CA&E 459 at Raymond Street in Elgin, June 9, 1957. (Mark Llanuza Collection)


With so many CA&E cars now preserved at the Illinois Railway Museum, it’s fitting to consider IRM’s own interurban origins. The museum’s Main Line was once part of the Elgin & Belvidere Electric, which ran from 1907 to 1930.

For several years after abandonment, the railroad’s cars sat out in the open in Marengo, waiting for buyers that never came.

Again, according to Don Ross:

In 1956, I was checking on ownership of an abandoned C&NW right-of-way for the Illinois Railway Museum, and I stopped in the county clerk’s office in Woodstock. The clerk became curious and then suggested that we might be interested in a piece of property which was on the delinquent tax rolls. It was 50 feet wide and 7 miles long. After paying the taxes for two years, a quit claim was filed and this has become the home of the IRM at Union, IL.

 

According to Don's Rail Photos, "103 provided freight and express service."

According to Don’s Rail Photos, “103 provided freight and express service.”


Space, the Final Frontier

Thanks in part to the generous donations from our readers, we have now solved the space problem caused by the growth of this blog. During our first year, we posted 13gb of files, our entire allotment under a WordPress professional account. When space became tight, we had to figure out some workarounds, posting some of our image files elsewhere.

However, this was not entirely satisfactory, because our readers could not magnify those images for closer scrutiny, as they can with all the ones we upload via WordPress. With this additional upgrade, we now have unlimited storage space, and will not need to worry about running out of space as long as we can continue to make the yearly payments.

We have many exciting things planned for future posts. At any given time, planning for this blog includes having posts for today, tomorrow, next week and next month. We have been keeping many plates spinning in the air, and although from time to time they have threatened to come crashing down, with your help and support, our future looks bright. Watch this space.

-David Sadowski

PS- We thank our readers for giving us 11,428 page views in January 2016. That’s our third-best ever and the fifth month in a row with an increase over the previous one.

20 thoughts on “The Mass Transit Special

  1. You may need to check “The Great Third Rail” for some background on the proper nomenclature of the CA&E…..on June 28, 1946, the Chicago Aurora & Elgin Railway Company acquired the properties of the Chicago Aurora & Elgin Railroad Company.

    I suspect you have assigned the wrong date to the defect report you have pictured. The scribbled date can be translated any number of ways to fit the proper ID the form’s heading suggests.

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  2. The most likely explanation for the 1914 date on the “CA&E” bad order form is that the handwritten year is not “14”. Since 303 was only 8 years old in 1914, a “leaking all over report” at that time in its service life, on a road that clearly did look after its rolling stock, would be quite remarkable.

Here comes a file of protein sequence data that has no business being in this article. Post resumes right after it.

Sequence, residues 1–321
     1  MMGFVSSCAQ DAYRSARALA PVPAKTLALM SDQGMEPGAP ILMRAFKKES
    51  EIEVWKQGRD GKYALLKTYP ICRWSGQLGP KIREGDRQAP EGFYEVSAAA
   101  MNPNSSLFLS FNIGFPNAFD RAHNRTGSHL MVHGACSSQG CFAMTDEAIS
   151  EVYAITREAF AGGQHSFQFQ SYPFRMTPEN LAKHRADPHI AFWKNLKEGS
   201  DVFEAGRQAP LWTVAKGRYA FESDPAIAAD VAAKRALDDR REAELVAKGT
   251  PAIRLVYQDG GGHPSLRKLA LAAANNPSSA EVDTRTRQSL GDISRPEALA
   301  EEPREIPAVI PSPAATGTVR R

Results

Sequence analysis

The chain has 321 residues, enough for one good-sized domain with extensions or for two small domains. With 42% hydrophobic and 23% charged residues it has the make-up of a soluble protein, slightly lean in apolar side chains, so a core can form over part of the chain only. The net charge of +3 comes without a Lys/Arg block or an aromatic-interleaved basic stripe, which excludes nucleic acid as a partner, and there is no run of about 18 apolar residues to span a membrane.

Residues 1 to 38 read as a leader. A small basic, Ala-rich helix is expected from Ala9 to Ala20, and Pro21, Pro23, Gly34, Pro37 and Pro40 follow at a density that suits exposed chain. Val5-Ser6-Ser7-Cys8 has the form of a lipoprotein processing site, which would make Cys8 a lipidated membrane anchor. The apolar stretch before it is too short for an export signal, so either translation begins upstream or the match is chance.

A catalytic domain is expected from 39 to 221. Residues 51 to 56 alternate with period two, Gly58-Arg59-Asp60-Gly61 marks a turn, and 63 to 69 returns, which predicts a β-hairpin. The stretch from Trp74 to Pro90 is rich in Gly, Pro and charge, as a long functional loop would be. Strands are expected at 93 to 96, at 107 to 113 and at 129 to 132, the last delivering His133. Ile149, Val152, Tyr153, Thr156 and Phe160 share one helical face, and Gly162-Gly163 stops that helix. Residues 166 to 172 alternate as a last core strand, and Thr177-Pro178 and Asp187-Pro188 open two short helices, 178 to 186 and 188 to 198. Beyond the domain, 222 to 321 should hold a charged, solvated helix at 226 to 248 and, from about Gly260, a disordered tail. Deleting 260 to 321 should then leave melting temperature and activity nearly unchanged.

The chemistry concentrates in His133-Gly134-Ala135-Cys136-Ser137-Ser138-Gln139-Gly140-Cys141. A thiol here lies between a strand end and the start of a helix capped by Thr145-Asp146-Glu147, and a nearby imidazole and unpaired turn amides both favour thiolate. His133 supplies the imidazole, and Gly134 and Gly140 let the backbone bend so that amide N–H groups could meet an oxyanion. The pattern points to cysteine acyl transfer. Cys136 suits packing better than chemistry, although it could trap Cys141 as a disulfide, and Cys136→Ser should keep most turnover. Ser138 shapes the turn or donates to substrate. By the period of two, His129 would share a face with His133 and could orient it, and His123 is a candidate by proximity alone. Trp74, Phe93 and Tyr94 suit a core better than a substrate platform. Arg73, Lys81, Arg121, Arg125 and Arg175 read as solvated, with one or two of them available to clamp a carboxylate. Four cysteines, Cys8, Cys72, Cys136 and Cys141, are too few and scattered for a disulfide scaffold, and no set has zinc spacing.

My guess would be its more likely to be in 1944, as a lot of traction rolling stock (around the world) was “ridden hard and put away wet” during World War II.

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      • My late father commuted from Batavia to Chicago on the CA&E around 1953. He used to laugh about the time that on returning home when entering the car from Eola to Batavia all the passengers were standing in the aisle with their umbrellas up due to the water entering the car from the ceiling. Every seat was quite wet since the car was leaking so bad in the rain.

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      • Back about that time my late father commuted from Batavia to Chicago on the CA&E. I recall him telling me that one time on the return trip he was quite surprised to find all the passengers standing in the aisle of the car as he entered it in Eola holding their umbrellas. My father said the car was leaking horribly. No seats were dry.

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  3. I was an uninvited guest on that CA&E charter trip in March, 1958. I skipped school that day, and since I lived in Elgin, was forced to ride a local Greyhound bus (ugh!) to Lake Street in Maywood and walk south. I made a point to speak to Mayor Paul Egan of Aurora (an invited guest), and told him how much I appreciated his efforts to save the railroad. He was amiable, if a bit gruff. He was in court in Wheaton the morning of July 3, 1957 and offered his house in a last bid; the judge refused. The Copley newspapers, Aurora Beacon-News and Elgin Courier-news portrayed him as a blustery, comic character, but he was dead serious.

    My years of devotion and patronage were rewarded with a catered lunch gratis at Wheaton headquarters. I much enjoyed the Bob Gibson photographs, the best ever seen of this event. I didn’t know him at the time, so whether he was another uninvited guest or chased it in his car is lost to history.

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      • No. He was a person of some girth and was well settled in his seat. Like Buddha, you came to him, not the other way around. I’m sure his likeness could be found in Aurora Beacon-News archives for that tumultuous period.